Links to portfolios or showoff threads, etc too!
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Re: Stamp it like it's hot -- The Hotstamp Design Guide

Postby tumpsi » Sat May 09, 2009 8:06 am

dgr tits
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Re: Stamp it like it's hot -- The Hotstamp Design Guide

Postby Jesse B 707 » Sat May 09, 2009 10:16 am

Nice little article you compiled here, reminds me that ive really gotta get some vector software and start to figure it out
http://ufosdg.org/
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Re: Stamp it like it's hot -- The Hotstamp Design Guide

Postby marmoset » Sat May 09, 2009 10:20 am

Yeah you do!
Vector is where its at, especially if your style is squeaky clean and corporate-y.
If you are dirtier and grungier then vector is still fabulous :!: but not as important.
Golf is a lot of walking, broken up by disappointment and bad arithmetic. ~Author Unknown
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Re: Stamp it like it's hot -- The Hotstamp Design Guide

Postby Jesse B 707 » Sun May 10, 2009 12:05 pm

what program(s) do you guys recommend?
http://ufosdg.org/
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Re: Stamp it like it's hot -- The Hotstamp Design Guide

Postby marmoset » Sun May 10, 2009 1:53 pm

I used to love FreeHand but Illustrator really is the superior program. Adobe bought FreeHand and they continue to support it but they aren't going to improve it. I think FreeHand used to be better but development stopped and Illustrator kept on truckin' forwards with cool new features.

So Illustrator is the way to go.
Golf is a lot of walking, broken up by disappointment and bad arithmetic. ~Author Unknown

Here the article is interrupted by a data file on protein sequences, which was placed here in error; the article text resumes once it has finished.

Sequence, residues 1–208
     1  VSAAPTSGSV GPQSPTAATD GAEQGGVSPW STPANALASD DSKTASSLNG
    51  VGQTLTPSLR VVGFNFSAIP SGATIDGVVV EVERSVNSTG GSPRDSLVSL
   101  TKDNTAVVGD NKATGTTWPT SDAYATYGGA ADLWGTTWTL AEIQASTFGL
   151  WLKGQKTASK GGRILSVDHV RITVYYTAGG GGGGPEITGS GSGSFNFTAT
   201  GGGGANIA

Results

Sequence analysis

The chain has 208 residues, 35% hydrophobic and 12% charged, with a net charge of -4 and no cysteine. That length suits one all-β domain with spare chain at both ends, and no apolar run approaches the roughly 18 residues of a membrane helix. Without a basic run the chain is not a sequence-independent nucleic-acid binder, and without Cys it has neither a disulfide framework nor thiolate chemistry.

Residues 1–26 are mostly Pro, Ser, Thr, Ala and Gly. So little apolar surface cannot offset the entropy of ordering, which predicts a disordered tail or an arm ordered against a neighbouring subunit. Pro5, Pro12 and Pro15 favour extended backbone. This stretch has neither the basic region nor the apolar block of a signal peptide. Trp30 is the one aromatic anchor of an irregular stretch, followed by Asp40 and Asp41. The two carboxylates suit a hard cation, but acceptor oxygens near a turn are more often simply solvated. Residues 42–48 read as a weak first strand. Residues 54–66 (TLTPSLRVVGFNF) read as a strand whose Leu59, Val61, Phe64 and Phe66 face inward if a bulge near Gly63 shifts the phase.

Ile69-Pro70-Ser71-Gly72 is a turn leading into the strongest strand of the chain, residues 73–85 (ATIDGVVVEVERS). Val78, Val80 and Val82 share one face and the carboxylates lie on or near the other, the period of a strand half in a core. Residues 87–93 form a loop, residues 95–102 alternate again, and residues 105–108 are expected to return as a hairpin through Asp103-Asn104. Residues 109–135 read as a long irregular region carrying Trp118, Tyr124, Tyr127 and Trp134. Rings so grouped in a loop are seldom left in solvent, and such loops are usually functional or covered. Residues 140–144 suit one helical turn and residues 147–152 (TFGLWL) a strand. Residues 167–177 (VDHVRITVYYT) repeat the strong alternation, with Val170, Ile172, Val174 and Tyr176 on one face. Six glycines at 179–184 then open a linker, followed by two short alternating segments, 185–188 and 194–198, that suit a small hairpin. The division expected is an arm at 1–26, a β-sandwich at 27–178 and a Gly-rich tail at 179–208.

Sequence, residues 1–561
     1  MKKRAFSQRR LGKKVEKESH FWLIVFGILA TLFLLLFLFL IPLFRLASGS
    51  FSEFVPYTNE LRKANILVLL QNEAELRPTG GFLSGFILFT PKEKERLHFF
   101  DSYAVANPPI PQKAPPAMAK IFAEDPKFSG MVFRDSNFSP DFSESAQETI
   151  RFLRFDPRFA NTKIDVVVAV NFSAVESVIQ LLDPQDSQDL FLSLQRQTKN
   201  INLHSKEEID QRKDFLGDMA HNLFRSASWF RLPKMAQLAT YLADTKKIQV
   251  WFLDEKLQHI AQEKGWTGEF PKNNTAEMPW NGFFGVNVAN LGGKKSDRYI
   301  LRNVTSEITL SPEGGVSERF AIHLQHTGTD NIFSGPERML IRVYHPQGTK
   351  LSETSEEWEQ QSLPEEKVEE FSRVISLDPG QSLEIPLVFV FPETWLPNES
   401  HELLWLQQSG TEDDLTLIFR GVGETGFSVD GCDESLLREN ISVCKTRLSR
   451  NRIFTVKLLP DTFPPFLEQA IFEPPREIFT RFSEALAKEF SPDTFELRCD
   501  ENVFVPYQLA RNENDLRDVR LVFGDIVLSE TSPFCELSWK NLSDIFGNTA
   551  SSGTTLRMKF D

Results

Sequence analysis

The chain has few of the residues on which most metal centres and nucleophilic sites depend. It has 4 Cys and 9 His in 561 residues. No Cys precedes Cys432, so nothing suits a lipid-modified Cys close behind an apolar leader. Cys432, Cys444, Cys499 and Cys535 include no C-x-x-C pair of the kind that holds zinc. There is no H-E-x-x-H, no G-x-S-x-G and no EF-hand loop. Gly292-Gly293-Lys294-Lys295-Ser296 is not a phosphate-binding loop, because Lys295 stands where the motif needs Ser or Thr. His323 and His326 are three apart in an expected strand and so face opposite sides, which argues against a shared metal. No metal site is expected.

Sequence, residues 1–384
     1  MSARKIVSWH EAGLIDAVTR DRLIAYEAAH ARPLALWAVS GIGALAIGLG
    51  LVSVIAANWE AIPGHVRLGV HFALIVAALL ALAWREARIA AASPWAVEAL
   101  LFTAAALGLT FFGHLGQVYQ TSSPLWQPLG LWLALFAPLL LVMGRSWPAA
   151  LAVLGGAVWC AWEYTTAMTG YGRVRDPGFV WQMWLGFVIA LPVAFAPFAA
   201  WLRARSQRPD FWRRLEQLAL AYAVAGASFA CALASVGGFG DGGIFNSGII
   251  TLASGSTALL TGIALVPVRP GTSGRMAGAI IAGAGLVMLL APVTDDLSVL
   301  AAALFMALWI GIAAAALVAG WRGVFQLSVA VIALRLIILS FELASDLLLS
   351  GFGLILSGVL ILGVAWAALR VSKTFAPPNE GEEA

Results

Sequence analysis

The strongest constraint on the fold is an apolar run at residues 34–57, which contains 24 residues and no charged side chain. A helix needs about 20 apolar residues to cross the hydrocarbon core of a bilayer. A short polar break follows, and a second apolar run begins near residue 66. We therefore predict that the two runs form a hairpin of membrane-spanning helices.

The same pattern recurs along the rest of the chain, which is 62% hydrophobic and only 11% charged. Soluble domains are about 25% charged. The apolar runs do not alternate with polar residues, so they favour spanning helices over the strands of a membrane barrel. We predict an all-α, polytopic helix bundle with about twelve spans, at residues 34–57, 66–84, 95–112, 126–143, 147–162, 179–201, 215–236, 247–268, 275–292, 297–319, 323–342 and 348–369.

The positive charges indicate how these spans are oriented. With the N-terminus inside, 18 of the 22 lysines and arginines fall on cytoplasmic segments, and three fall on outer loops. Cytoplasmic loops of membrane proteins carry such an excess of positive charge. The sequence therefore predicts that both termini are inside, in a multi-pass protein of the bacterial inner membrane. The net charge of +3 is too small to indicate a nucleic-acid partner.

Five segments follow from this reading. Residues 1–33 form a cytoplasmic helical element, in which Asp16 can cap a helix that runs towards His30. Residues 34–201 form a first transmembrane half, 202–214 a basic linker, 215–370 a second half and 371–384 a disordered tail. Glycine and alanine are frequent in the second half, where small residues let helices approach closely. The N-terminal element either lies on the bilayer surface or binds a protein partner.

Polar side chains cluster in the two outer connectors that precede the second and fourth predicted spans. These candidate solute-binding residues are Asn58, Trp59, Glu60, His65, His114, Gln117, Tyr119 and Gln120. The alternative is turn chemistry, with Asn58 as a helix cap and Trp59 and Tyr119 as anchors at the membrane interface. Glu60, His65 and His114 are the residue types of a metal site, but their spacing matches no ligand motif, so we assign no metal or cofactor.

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Re: Stamp it like it's hot -- The Hotstamp Design Guide

Postby Jesse B 707 » Sun May 10, 2009 2:14 pm

marmoset wrote:I used to love FreeHand but Illustrator really is the superior program. Adobe bought FreeHand and they continue to support it but they aren't going to improve it. I think FreeHand used to be better but development stopped and Illustrator kept on truckin' forwards with cool new features.

So Illustrator is the way to go.

i just dont have the $$$$$$ to drop on adobe programs, or the savvy to find them for free evidently :?
http://ufosdg.org/
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Re: Stamp it like it's hot -- The Hotstamp Design Guide

Postby Leopard » Sun May 10, 2009 4:39 pm

Jesse B 707 wrote:
marmoset wrote:I used to love FreeHand but Illustrator really is the superior program. Adobe bought FreeHand and they continue to support it but they aren't going to improve it. I think FreeHand used to be better but development stopped and Illustrator kept on truckin' forwards with cool new features.